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How the general elections (might) affect your personal finances!

Updated 19 Oct 2018 – By Loanstreet


The run-up to GE14 is an exciting time, and to an extent – a scary one too, for most Malaysians.

The scent of uncertainty is in the air and rightly so; you may also be wondering what is in store for your finances. Will it be good news, bad news or no news?

To help you figure out what the election could mean for your cash situation, here’s a look at the top five short-term effects on finances and money decisions, as we gear up for the ‘mother-of-all-elections’!

1) Stock market gains or losses due to market volatility

When election fever hits, stock markets may, in the short-term, be affected due to investor confidence.

In a recent Bloomberg article, it was noted that the level of uncertainty surrounding Malaysia’s vote is showing through a weaker Ringgit leading up to the vote.

In fact, political shocks around the world of late (i.e. Trump’s victory and Brexit) are the reasons why investors are extra cautious.

But what does all this mean for our money in general? For starters, there are potential gains and losses expected – especially in currency investments. The good news is that there is also an opportunity to make advances from pre-election rallies.

If you are ready to make money from the election effect, consider Loanstreet’s top three hand-picked stocks: Maybank (financial services), PUC Berhad (investment holding), and Petronas (oil and gas).

2) The plight of the real estate business

Folks in the real estate line – more specifically, the front line i.e. real estate agents – may need to brace themselves for lower property sales and fewer rental opportunities as well.

This may be linked to reluctance from the general public to make any sudden moves.

People may hold off from buying property, renters are likely to stay in their contracts for the time being and owners may be unenthusiastic to sell – unless for desperate/urgent transfers.

Much of these reservations are related to general uncertainties leading up to, and following, the elections.

Consumers are largely concerned with how it might affect them directly and indirectly, if in the unlikely (but not improbable) event, the opposition does win.

Conversely, even if the current government stays in power (as many do expect) – consumers want insight into property prices, banking regulations and fiscal policy, etc. before moving forward.

Thus, for these reasons and more, things like housing and other major life decisions involving big money are likely to be put on the back burner for the next few months.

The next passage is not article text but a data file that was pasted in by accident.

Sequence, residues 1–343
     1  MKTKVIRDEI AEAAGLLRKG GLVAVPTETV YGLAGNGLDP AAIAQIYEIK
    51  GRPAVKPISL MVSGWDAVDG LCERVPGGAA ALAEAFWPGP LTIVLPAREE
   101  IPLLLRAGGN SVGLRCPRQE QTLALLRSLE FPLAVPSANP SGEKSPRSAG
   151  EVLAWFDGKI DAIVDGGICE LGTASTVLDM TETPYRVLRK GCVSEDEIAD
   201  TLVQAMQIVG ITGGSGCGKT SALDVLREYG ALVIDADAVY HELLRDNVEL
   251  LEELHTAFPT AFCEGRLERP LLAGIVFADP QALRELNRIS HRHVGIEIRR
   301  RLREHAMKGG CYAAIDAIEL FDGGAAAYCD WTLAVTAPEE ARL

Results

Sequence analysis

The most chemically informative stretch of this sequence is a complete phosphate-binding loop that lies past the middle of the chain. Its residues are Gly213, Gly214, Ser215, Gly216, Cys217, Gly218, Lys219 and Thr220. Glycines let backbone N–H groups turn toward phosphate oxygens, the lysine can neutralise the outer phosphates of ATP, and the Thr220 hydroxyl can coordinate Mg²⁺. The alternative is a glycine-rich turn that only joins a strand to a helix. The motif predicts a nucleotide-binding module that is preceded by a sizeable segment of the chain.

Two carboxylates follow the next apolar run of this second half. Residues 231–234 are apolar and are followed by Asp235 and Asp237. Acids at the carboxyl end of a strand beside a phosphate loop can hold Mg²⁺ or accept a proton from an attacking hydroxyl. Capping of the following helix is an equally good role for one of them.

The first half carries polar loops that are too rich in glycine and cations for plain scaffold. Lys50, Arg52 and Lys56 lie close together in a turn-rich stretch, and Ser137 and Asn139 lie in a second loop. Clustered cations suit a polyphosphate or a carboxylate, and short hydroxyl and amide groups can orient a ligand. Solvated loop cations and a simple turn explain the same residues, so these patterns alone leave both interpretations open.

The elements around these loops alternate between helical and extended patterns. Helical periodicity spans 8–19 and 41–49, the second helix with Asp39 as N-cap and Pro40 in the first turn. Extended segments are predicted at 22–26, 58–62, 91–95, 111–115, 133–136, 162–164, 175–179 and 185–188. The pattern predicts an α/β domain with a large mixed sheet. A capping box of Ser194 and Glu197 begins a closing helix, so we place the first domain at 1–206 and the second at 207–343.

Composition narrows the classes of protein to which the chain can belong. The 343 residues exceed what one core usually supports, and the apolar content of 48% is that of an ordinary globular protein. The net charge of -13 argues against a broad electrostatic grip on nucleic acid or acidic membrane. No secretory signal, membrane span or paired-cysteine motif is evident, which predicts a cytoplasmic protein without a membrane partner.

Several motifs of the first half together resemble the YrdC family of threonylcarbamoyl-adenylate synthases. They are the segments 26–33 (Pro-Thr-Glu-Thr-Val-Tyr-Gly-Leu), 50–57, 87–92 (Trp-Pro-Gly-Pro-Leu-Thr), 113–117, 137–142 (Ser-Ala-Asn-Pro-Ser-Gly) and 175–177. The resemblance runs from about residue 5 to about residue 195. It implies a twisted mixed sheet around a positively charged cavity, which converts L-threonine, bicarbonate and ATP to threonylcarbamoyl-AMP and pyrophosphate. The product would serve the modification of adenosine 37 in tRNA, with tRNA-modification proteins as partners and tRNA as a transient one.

3) Ventures into small business

Even small business can be risky business in times of uncertainty.  Even though the economic climate in Malaysia is relatively stable, the outcome of the election could see many changes to the business environment, no matter the victor.

Those considering trying their luck in small business ventures may be hesitant to start right now; even those pondering leaving their jobs might choose to err on the side caution and stick it out.

Is all this waiting or delaying really necessary? The answer is – it depends. This is because certain areas tend to experience booms during (and after) elections as others experience temporary slumps.

While businesses linked to tourism and real estate might struggle a bit in the short-run, small industries like business management (e.g. accounting and tax prep, for example), short-term rentals as well as food and beverage, are likely to remain stable.

4) The cost of stockpiling

Owing to the fears of post-election chaos and shortages, consumers often hyper prep and heavily stock up on sundries.

It happens around the world – Kenya in 2017, the United States in 2016 and Greece in 2012.

While it is necessary to have an emergency food supply, the effect of excessive stockpiling among consumers could see short-term, indiscriminate price increases for grocery items that are not controlled or tariffed.

If you experience a heavy and unfair price hike – especially on necessities like rice, oil or baby milk, be sure to file a complaint with the Consumer Complaint Management Centre.

5) Overall spending

Again, caution is the key word for personal finance as Malaysia goes to the polls and also in the months that follow.

Consumers are likely to save more and spend less – especially on what may be considered frivolous goods. For instance, purchases of electronics (upgrades), jewellery, expensive furniture, and holidays, etc. may be deferred for now.

Similarly, larger spending that involve loans could also be delayed – such as home renovations and new car purchases.

To conclude

In any case, these financial pauses are expected to only be temporary. Moreover, you don’t have to follow these trends if you are financially secure i.e. with healthy savings and strong income streams.

Instead, continue to plan your expenses and budget well for larger purchases. For instance, if you are financially ready to buy a home, there is no time like the present!

Focus on fixed repayments rather than floating or variable offers as the market may be unpredictable in coming months; make affordability a priority, and do shop around for the lowest rate.

Try the Loanstreet comparison tool to help you compare, review and discover the best loan packages for your needs!

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